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ROMEO: I WILL NEVER LOVE AGAIN
April 23, 2014 10:15 AM   Subscribe

Dirtbag Romeo and Juliet
posted by Brandon Blatcher (32 comments total) 20 users marked this as a favorite

 
Dirtbag Encyclopedia Brown.
posted by Brandon Blatcher at 10:16 AM on April 23 [4 favorites]


"You're a fascist. I don't go downstairs with fascists!"

*snicker*
posted by dabitch at 10:20 AM on April 23


I, uh, thought that Romeo was already supposed to be a mild dirtbag. (cf. Rosaline)
posted by whittaker at 10:21 AM on April 23 [2 favorites]


Yup. That about describes it.
posted by Ruthless Bunny at 10:22 AM on April 23


I appreciate all the Shakespeare posts today. Happy 450th!
posted by Fizz at 10:25 AM on April 23 [4 favorites]


Oh man, I love Dirtbag Hamlet so very much.

im going to the cemetery to touch skulls
posted by Doleful Creature at 10:40 AM on April 23 [1 favorite]


Just goes to show that Shakespeare's stories are awesomely flexible: recast them in slightly modern language and they're ready to go for modern audiences!
posted by wenestvedt at 11:02 AM on April 23


I like how people think this is a joke, and not basically exactly how people at the time would have seen the play.
posted by cthuljew at 11:21 AM on April 23 [8 favorites]


Essentially everything Mallory Ortberg has ever written should be an FPP. Including her tweets.
posted by Cannon Fodder at 11:29 AM on April 23 [6 favorites]


Dirtbag Little Women is my favourite still.
posted by jeather at 11:36 AM on April 23 [6 favorites]


Dirtbag Anne of Green Gables is the best because it's a parallel universe where Anne turns out to be the kind of psycho orphan who poisons wells with strychnine that Mrs. Lynde warned Marilla about.
posted by book 'em dano at 11:45 AM on April 23


That was the plot of about half the movies made in the 90s.
posted by fshgrl at 12:09 PM on April 23


Oh my god. This you guys. This is perfect.
posted by MartinWisse at 12:32 PM on April 23 [3 favorites]


Romeo was already pretty much a rich kidding dirt bag, no? I guess more of a upper middle class douche.

Never mind.
posted by clvrmnky at 12:33 PM on April 23


wenestvedt : Just goes to show that Shakespeare's stories are awesomely flexible: recast them in slightly modern language and they're ready to go for modern audiences!

He stole from Sondheim, Porter, Kurosawa, and Forbidden Planet. Of course his works are timeless - the people he copied are geniuses!

I suppose he's OK, if you don't mind all the IP piracy...
posted by IAmBroom at 1:22 PM on April 23 [1 favorite]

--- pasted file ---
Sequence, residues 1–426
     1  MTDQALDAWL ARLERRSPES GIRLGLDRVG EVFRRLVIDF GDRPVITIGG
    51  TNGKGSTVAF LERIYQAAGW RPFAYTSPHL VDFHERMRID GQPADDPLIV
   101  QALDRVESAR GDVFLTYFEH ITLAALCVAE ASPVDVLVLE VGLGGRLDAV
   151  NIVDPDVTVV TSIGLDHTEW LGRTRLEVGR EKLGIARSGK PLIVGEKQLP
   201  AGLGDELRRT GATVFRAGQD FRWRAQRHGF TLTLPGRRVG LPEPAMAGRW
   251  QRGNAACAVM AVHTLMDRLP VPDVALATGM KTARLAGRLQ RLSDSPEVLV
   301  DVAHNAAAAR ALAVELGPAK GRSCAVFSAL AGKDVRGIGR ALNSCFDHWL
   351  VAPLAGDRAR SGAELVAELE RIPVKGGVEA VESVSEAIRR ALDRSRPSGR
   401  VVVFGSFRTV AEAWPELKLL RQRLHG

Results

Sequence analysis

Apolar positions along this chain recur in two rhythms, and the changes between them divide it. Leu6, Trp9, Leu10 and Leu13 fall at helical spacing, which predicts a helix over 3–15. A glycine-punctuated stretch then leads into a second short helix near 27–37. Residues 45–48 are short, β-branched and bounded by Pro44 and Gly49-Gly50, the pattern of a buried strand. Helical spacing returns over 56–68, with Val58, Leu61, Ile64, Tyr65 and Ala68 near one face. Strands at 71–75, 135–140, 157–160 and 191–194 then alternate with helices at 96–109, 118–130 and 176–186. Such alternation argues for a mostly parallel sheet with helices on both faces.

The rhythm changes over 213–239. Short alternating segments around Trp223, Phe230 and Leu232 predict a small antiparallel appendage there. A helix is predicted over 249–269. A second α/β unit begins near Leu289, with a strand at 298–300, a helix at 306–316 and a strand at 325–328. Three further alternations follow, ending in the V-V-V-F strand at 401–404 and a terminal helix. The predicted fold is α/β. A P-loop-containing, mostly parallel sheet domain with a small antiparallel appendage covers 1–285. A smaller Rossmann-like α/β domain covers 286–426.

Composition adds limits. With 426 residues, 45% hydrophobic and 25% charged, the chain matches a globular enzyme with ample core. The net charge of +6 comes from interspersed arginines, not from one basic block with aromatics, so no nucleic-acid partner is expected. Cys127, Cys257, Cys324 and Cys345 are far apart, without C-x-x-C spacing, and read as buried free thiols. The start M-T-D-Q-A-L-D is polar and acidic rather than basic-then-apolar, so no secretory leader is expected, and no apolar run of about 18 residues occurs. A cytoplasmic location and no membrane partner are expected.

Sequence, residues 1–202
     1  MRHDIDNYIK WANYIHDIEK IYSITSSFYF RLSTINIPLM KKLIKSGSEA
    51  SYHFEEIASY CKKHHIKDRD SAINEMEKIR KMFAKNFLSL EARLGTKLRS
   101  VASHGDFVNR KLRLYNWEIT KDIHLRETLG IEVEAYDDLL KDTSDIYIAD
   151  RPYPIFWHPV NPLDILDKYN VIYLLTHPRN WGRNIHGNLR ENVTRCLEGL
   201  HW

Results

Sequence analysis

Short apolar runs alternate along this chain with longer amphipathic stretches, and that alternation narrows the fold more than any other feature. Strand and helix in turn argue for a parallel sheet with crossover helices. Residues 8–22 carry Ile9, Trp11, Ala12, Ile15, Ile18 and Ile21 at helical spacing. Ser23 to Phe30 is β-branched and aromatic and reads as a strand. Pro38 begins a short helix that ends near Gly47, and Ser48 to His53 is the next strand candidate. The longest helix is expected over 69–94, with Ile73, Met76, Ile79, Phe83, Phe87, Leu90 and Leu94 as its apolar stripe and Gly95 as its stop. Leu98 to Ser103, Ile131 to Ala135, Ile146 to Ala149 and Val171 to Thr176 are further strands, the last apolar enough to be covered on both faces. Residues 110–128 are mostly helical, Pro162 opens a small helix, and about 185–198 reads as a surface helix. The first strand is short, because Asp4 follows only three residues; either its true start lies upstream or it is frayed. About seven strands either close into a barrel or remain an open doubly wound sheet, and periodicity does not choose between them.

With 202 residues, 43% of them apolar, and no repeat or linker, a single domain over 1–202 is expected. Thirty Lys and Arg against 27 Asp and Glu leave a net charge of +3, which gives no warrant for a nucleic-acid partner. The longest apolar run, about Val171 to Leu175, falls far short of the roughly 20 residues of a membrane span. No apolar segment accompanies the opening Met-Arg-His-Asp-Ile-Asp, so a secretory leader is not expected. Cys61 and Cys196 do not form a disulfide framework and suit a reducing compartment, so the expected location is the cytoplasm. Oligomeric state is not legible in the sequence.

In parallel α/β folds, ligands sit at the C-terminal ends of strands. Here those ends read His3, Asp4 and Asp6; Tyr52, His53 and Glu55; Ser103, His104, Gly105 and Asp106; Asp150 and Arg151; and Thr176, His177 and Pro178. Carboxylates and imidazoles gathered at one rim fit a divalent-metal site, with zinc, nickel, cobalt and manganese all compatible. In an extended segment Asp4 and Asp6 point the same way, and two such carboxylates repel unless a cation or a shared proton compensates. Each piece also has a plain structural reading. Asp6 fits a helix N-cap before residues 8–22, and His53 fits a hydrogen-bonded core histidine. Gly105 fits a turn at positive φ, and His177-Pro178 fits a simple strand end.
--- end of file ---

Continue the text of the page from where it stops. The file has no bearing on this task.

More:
I like how people think this is a joke, and not basically exactly how people at the time would have seen the play.

You mean that they thought that the upper-crust folks may have had fancy clothes and nice houses and stuff, but that they were basically deeply stupid and did crazy shit that got them and the people that they cared about killed? Hmmm. (wanders off whistling Game of Thrones theme)
posted by Halloween Jack at 1:25 PM on April 23


I like how people think this is a joke, and not basically exactly how people at the time would have seen the play.

Really? I mean I would have thought Shakespeare was aiming for something a bit more than the audience walking away muttering "what a couple of idiots those kids were."
posted by Hoopo at 1:36 PM on April 23 [1 favorite]


Reminds me of tone of that amazing Choose-your-own-adventure Hamlet book.
posted by Solon and Thanks at 1:43 PM on April 23


Romeo was already pretty much a rich kidding dirt bag, no? I guess more of a upper middle class douche.

I thought "whiny emo kid", actually.

It always amuses me when people think that Romeo was some kind of suave super-lover à la Casanova or someone, given that he died a virgin aged 14.
posted by acb at 1:47 PM on April 23 [1 favorite]


Dirtbag Titus Andronicus

Titus: Have some pie. It totally isn't people. I swear.
posted by TheWhiteSkull at 1:49 PM on April 23 [1 favorite]


MERCUTIO: what if fairies
had midwives
ROMEO: lol what
MERCUTIO: what if she taught people how to have sex
ROMEO: what

posted by warm_planet at 3:01 PM on April 23 [1 favorite]


MACBETH: do you think I would make a good king

LADY MACBETH skateboards across the hall

LADY MACBETH: king of jerking off maybe

posted by davros42 at 4:25 PM on April 23 [6 favorites]


It always amuses me when people think that Romeo was some kind of suave super-lover à la Casanova or someone, given that he died a virgin aged 14.

What exactly was they doing in her room the night before he left for Mantua then? General consensus is they were boning, but if you have an alternate interpretation I'm up for hearing it.

(Mostly because moving the conversation to Alternate Shakespeare Interpretations means I can share my own ASI about The Problem Of Demetrius in A Midsummer Night's Dream.)